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Browsing: Diary of Charles Francis Adams, Volume 1

Docno: ADMS-13-01-02-0003-0002-0004

Author: CFA
Date: 1824-02-04

Wednesday 4th.

Spent the day at home, again, although the family all went except Madame to the Supreme Court which opened this week, to hear Mr. Webster argue on the Steam boat Case. A very interesting contention between the proprietors of an extensive grant over the waters of New York, given by the legislature and the owner of a boat which { [fol. 80] } { [fol. 80] } { [fol. 80] } { [fol. 80] } { 81 } they had seized and condemned. It is a case of great importance involving a question of state rights which has some bearing on the method of reading our constitution. Mr. Webster and Mr. Wirt are in support of the owner who is the plaintiff and Messrs. Emmett and Oakley of New York are in defence of the proprietors, consequently it is expected that there will be great specimens of argument on both sides.1
Mrs. Sullivan, who is a great lady on occasions of this kind, volunteered to take up two of our ladies to hear the debate, which they accepted. Consequently she came for them, according to her usual custom immediately after breakfast, which was quite teasing to our poor girls. Mary and Miss McKnight went with her. It is highly amusing to observe the parties in which the girls form themselves, Mary and Miss McKnight forming the representatives of the South in life and perhaps in temper while Abby and Miss Cranch, who possessing perhaps more feeling, have none of those alluring fascinating ways which so much grace a woman but the mumpish,2 sentimental, homely silence of New England. In my choice I think I could give up some of the affection for a little more of the vivacity. Perhaps a blending of the two characters would make the most perfect one imaginable. Johnson and John walked up.
The latter now came down saying his boot hurt him which it did. The ladies also came in, but not in the best spirits imaginable as they had been constrained to sit and hear the dry arguments of the law detailed off to them, Mrs. Sullivan having no mercy. She is or apes to be a “bas bleu” and makes herself appear very foolish. In fact she must be a very weak woman, or she would not attempt to gain so much notice. Mr. Webster closed and Mr. Oakley commenced in reply. The girls made a great many lamentations and John I thought was not altogether sorry that his boot pinched him insupportably. Mr. Webster’s speech was however very highly thought of.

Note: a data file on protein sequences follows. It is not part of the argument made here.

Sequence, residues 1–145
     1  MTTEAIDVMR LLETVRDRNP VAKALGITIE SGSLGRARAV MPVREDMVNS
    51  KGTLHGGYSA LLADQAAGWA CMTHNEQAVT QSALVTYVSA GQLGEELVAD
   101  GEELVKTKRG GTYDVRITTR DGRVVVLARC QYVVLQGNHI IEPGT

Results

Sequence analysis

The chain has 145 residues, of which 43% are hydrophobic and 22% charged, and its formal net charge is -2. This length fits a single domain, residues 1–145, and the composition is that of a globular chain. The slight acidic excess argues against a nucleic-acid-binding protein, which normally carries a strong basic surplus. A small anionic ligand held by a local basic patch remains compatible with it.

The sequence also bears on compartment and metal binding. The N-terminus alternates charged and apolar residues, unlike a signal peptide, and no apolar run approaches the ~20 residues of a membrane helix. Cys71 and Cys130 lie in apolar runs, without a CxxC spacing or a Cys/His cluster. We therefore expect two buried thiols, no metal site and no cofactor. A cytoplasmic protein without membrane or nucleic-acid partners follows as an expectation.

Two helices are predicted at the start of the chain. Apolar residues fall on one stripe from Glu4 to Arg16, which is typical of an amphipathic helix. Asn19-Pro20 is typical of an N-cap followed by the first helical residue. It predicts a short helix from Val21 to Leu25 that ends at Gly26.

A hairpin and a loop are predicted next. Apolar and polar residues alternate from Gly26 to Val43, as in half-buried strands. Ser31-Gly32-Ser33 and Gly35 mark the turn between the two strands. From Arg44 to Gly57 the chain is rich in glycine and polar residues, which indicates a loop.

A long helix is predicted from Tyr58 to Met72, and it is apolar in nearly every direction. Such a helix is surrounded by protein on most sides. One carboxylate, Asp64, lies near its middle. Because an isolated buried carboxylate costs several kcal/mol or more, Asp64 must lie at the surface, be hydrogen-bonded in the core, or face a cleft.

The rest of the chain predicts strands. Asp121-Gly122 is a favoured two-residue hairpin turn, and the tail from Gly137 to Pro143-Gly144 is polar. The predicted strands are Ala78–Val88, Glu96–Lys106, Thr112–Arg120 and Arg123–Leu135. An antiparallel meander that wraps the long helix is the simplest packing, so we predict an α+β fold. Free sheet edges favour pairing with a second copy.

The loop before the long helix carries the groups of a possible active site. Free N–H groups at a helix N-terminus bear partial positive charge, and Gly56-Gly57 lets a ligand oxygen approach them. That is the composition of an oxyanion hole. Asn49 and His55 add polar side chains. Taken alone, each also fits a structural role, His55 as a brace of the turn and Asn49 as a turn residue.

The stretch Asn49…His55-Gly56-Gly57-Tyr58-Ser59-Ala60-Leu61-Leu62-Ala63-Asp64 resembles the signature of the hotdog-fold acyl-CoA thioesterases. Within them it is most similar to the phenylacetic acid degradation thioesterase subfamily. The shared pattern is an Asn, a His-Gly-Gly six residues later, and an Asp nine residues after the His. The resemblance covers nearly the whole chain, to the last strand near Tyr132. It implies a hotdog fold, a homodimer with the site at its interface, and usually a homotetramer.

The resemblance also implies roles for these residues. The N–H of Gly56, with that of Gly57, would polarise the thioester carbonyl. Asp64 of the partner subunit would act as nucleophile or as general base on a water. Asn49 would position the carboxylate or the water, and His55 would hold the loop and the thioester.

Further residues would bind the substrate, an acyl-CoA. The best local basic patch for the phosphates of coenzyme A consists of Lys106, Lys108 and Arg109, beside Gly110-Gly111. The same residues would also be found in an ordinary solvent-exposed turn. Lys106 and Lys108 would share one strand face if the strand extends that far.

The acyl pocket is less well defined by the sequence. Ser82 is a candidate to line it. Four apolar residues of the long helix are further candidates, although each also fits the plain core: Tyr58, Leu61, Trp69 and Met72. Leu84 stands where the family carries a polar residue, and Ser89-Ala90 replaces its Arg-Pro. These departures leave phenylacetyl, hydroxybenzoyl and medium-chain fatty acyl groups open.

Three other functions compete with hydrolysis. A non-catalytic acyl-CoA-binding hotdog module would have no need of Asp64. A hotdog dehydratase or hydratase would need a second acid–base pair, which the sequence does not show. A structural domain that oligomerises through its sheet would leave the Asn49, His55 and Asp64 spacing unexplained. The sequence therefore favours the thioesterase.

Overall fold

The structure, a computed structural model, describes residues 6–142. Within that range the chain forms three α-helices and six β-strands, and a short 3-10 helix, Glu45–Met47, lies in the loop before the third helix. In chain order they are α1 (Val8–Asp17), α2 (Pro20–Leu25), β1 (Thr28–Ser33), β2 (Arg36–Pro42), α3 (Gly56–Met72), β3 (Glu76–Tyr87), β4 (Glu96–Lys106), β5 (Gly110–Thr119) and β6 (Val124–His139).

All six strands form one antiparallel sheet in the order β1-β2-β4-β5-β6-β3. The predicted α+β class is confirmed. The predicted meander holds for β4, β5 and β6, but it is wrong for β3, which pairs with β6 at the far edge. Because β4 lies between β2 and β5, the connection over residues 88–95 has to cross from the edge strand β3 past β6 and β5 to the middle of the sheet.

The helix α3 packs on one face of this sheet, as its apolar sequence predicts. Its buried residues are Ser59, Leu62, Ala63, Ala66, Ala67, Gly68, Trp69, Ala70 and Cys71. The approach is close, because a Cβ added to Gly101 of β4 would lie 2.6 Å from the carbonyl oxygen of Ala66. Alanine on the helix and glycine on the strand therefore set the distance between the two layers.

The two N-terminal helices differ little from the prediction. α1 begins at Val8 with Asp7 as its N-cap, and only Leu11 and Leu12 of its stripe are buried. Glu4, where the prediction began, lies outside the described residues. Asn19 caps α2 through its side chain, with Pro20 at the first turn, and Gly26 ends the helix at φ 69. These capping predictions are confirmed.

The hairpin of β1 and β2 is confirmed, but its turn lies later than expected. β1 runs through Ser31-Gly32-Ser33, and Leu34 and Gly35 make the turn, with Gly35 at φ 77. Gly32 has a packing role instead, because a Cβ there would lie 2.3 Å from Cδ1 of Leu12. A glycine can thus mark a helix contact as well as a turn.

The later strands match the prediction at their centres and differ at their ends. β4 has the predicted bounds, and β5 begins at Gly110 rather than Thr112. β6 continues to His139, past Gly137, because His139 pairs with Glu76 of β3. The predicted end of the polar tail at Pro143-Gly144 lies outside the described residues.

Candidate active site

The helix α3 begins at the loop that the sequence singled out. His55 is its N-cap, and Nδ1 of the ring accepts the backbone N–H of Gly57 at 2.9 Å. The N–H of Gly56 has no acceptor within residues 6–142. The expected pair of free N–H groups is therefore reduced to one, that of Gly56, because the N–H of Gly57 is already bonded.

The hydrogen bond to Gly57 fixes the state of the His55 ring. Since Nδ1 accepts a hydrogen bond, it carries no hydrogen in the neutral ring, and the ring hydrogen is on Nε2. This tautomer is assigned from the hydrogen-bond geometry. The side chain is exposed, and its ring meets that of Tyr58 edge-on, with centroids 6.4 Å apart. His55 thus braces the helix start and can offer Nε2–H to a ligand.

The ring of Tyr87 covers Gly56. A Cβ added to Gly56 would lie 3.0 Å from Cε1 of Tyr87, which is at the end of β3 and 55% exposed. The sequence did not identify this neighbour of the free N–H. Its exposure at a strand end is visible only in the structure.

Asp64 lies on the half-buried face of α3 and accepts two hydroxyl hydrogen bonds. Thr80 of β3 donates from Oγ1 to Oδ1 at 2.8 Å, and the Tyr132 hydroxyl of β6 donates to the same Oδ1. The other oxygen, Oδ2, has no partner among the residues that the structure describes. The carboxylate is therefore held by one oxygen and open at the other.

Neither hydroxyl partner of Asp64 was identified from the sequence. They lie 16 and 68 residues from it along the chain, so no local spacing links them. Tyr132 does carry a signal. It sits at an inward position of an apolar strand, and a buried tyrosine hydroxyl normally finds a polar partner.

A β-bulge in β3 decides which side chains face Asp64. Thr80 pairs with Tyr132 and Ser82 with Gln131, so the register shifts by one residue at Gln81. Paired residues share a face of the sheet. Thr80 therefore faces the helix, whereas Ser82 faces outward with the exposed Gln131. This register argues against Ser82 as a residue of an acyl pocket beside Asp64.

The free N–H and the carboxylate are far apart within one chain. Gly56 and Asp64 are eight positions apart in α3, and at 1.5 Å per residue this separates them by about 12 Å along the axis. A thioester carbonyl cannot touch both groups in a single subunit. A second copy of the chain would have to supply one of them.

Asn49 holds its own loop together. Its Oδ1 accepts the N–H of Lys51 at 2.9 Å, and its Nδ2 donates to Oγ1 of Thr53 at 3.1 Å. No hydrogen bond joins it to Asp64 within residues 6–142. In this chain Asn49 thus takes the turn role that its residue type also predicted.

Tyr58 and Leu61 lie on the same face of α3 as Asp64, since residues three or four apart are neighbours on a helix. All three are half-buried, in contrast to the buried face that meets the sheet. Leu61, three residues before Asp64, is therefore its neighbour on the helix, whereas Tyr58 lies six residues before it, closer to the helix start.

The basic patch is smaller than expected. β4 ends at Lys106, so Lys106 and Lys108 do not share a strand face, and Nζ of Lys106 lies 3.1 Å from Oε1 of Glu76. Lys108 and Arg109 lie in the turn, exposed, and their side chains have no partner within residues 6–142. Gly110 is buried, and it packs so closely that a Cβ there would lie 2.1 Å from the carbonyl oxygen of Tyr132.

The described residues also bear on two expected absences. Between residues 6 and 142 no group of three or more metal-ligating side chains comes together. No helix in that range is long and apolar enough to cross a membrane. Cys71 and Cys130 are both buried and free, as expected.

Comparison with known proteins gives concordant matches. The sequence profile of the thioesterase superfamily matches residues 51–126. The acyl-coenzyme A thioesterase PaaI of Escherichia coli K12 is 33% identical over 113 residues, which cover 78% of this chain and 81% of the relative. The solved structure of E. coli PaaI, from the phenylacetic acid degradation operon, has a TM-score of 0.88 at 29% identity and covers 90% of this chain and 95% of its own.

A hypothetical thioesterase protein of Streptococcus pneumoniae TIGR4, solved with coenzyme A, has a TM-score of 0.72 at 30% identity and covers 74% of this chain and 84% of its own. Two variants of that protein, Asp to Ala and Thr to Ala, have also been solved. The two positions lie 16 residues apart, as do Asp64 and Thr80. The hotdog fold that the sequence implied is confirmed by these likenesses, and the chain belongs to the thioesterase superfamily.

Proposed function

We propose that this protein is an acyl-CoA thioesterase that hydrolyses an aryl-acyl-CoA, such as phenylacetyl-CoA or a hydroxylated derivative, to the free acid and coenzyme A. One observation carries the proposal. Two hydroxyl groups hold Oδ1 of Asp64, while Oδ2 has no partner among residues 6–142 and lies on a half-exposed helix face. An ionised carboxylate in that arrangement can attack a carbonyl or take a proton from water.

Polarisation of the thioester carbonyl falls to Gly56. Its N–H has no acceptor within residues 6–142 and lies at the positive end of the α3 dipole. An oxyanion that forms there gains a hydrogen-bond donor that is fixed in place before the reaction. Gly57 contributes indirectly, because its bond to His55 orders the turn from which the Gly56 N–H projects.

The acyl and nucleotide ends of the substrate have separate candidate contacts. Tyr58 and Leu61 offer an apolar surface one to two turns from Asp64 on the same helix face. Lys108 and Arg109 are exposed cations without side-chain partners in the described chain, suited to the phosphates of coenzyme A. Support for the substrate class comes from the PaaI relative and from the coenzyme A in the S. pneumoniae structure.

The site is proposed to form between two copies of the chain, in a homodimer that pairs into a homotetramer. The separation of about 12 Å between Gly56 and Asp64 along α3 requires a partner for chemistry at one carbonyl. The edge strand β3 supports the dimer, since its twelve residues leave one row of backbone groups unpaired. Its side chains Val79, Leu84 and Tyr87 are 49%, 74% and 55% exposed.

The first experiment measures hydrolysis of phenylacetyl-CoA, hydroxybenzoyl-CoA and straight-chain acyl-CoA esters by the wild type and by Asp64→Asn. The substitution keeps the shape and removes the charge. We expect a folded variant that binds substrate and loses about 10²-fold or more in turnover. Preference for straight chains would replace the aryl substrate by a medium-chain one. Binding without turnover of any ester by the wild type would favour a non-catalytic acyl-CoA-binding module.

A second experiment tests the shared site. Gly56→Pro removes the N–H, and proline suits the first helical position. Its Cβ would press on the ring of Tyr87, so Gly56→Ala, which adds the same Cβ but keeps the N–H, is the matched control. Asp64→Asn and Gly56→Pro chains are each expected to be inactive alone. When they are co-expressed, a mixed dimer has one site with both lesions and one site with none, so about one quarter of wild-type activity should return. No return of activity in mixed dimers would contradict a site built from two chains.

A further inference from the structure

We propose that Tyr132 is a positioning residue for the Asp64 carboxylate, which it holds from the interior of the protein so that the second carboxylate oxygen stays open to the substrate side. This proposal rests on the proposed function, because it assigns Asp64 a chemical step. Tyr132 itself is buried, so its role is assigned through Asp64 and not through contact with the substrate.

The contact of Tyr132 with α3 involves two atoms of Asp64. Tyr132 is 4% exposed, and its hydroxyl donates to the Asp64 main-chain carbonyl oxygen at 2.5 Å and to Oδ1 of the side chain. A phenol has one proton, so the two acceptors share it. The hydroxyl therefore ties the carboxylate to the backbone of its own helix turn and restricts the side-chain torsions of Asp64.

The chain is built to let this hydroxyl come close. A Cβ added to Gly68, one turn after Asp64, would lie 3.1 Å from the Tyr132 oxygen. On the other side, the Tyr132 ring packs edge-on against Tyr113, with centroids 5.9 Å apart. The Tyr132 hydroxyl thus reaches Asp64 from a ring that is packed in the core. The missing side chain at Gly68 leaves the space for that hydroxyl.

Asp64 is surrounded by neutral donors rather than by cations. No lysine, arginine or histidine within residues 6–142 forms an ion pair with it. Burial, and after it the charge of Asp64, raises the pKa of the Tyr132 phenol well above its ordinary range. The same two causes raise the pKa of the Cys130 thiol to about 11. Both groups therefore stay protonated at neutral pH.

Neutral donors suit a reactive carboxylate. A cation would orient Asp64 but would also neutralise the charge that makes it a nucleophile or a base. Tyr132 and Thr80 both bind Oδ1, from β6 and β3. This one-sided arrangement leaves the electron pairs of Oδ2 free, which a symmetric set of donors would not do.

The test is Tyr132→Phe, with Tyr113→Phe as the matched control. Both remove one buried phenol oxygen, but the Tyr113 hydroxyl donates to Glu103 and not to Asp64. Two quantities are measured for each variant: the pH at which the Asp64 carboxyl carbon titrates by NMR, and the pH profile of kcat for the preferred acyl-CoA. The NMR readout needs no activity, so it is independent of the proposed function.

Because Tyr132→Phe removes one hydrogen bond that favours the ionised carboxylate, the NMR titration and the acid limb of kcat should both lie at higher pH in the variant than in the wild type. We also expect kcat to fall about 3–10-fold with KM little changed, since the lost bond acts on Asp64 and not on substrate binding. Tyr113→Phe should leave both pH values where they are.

In the Evening, all the girls went with John and Monsieur to the Drawing Room, which was held to night for the second time this season, Johnson, Madame and I remaining at home. For my part having been once I did not think it worthwhile to go again as there is but little pleasure in the visits. In fact I do not think they could well be made more stiff than they are at present. Mr. J. W. Taylor of New York came this evening to see Monsieur and as he was not at home, he walked upstairs and took tea with us. He is rather a pleasant man and with considerable abilities of a certain sort. His influence in the House is pretty extensive having been chosen Speaker { 82 } once and talked of often. His visit tonight appeared to be to Monsieur particularly as he went down for private conversation when he returned.3
1. In the celebrated case of Gibbons v. Ogden (9 Wheaton 1), Thomas Addis Emmet and Thomas J. Oakley appeared against Daniel Webster and William Wirt. The case, rising from a monopoly granted by the New York legislature for the operation of steamboats in state waters, resulted in a Supreme Court decision which gave a broad construction of congressional power under the commerce clause.
2. Sullenly angry or depressed.